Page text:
Paul H. Fry


Once you've uttered the word "quarrel" - or better, the more tradition-haunted querelle - you don't really need to add that it's between order and. adventure. Can there be a quarrel about anything else? The "ancient quarrel between the philosophers and the poets," between Ancients and Modems, between classic and romantic, between phallocentric reason and the aleatory sex that is not one, these are all just new excuses for picking the same old fight. But if we can achieve any distance from our partisanship on such occasions, we begin to sense how easily the terms in our duality of choice can change places (you might hear "the adventure of order" promoted in this or that educational keynote address, or perhaps "the order of adventure"); and we also begin to sense how easily each term can harbor both sides of the quarrel within itself. For example, deconstruction, presumably an adventure contrasted with the orders of semiotics or semantics, nevertheless itself produces both a discipline, "rhetorical reading," and a gay science, the "seminal adventure of the trace."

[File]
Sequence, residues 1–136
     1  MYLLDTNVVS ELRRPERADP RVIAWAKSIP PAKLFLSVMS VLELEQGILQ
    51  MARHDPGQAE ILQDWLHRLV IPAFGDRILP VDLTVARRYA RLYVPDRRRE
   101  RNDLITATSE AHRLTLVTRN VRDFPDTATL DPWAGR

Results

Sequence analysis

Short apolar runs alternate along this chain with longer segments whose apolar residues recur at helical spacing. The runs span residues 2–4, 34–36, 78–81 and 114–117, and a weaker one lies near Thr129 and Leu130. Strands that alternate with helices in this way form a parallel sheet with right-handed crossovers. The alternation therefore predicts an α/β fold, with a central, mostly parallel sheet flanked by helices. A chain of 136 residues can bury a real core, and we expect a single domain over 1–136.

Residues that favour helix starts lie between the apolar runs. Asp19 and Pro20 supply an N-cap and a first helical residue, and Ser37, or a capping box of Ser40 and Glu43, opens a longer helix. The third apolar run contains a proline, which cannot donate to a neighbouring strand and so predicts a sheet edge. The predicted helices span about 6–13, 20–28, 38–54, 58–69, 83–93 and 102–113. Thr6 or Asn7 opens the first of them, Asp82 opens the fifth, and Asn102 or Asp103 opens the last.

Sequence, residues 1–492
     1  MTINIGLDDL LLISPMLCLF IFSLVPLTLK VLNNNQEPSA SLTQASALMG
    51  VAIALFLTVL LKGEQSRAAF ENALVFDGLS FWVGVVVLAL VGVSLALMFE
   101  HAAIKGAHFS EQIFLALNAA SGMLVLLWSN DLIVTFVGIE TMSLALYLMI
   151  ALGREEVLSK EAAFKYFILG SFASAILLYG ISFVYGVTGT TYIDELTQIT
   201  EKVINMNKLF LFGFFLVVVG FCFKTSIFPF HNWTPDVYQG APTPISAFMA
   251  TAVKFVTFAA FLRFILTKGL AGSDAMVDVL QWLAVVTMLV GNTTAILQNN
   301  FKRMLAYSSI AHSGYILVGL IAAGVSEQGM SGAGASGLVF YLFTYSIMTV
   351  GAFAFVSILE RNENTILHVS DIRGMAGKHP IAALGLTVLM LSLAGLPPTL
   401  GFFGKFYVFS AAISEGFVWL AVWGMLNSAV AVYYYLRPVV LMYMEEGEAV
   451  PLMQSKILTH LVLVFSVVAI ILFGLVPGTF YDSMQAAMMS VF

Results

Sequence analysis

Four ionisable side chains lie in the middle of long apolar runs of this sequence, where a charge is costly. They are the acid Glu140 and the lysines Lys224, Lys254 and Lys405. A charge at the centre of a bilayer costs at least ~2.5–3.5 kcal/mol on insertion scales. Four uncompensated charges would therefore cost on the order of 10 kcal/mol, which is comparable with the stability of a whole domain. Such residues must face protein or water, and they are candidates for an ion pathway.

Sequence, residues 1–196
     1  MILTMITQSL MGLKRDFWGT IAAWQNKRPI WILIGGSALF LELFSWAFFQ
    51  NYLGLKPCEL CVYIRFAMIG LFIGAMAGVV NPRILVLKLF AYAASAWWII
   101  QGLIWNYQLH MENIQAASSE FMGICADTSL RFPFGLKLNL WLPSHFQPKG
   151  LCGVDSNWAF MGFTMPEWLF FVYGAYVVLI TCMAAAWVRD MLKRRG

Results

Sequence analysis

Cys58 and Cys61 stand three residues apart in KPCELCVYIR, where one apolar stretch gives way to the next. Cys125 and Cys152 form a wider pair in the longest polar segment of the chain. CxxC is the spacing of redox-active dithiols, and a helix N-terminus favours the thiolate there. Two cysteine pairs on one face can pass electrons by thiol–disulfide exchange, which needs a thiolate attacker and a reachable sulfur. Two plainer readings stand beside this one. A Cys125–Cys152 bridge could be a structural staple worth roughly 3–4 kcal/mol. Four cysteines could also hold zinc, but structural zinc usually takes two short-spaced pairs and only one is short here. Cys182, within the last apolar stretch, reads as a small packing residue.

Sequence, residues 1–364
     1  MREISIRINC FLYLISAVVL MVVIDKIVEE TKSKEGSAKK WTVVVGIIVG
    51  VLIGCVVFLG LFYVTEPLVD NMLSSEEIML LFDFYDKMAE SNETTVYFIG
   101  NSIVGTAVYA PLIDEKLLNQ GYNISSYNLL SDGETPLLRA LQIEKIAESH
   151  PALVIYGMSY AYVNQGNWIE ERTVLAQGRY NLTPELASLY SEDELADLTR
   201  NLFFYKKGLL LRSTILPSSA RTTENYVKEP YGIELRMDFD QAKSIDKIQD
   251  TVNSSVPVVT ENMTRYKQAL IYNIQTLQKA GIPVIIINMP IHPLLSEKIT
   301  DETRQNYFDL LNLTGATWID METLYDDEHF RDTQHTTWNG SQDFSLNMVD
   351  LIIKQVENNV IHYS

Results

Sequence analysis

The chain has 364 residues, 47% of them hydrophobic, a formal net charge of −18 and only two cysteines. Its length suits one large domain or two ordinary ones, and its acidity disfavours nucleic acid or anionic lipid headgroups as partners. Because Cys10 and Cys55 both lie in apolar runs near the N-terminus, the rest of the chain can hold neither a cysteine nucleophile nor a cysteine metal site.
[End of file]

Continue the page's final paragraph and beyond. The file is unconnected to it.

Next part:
Or, as to this last point, think of the detective novel: If you invoke the sequence Dupin, Holmes, Hercule Poirot, and Umberto Eco's William of Baskerville, you seem thereby to invoke the forces of order, the dream of reason's little gray cells marshalled against superstition and muddleheadedness; whereas if you name the providential Father Brown, the dithering Miss Marple, the mystical Campion of Tiger in the Smoke, the apocalyptic Con Op of Red Harvest, and the unintelligible Marlowe of The Long Goodbye, you thereby produce, within the same rule-bound genre, an offsetting rhetoric of adventure, an equally stubborn insistence on the importance of bold intuition. But what is the difference? In Agatha Christie's novels, Poirot (for all his faith in little gray cells) and Miss Marple (for all her faith in intuited predictive homologies among village behavior patterns) are both equally successful in the last chapter because they both perform exactly similar feats of deduction from empirical data. It is precisely in the final analysis that the quarrel between order and adventure - Poirot and Miss Marple or Tony Hillerman's comparable Leaphorn and Chee - goes up in smoke.